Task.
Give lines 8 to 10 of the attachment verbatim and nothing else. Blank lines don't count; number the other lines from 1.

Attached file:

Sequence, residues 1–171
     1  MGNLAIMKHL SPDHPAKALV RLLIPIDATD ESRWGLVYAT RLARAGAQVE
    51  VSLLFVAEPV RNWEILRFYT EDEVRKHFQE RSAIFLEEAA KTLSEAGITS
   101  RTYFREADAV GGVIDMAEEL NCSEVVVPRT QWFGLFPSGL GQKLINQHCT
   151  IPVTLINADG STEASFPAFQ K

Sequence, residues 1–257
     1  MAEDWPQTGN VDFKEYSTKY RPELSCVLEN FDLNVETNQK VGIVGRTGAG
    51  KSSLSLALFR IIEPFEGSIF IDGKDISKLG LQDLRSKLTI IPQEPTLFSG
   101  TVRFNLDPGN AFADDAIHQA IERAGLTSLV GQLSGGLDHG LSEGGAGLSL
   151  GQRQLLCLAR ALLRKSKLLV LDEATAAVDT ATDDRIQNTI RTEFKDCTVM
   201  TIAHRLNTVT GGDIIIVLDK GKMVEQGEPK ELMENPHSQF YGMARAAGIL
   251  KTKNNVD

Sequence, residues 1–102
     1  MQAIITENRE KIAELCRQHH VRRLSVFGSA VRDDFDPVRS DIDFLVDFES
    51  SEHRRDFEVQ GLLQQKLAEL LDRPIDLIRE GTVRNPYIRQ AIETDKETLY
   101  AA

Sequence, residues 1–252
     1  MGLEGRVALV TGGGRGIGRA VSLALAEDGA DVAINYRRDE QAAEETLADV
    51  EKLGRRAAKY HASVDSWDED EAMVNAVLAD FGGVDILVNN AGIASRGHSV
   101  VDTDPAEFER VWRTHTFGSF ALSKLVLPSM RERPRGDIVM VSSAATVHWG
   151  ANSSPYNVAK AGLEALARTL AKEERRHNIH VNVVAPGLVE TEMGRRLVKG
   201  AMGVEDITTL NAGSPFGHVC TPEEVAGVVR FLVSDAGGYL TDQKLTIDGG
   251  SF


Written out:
    51  KSSLSLALFR IIEPFEGSIF IDGKDISKLG LQDLRSKLTI IPQEPTLFSG
   101  TVRFNLDPGN AFADDAIHQA IERAGLTSLV GQLSGGLDHG LSEGGAGLSL
   151  GQRQLLCLAR ALLRKSKLLV LDEATAAVDT ATDDRIQNTI RTEFKDCTVM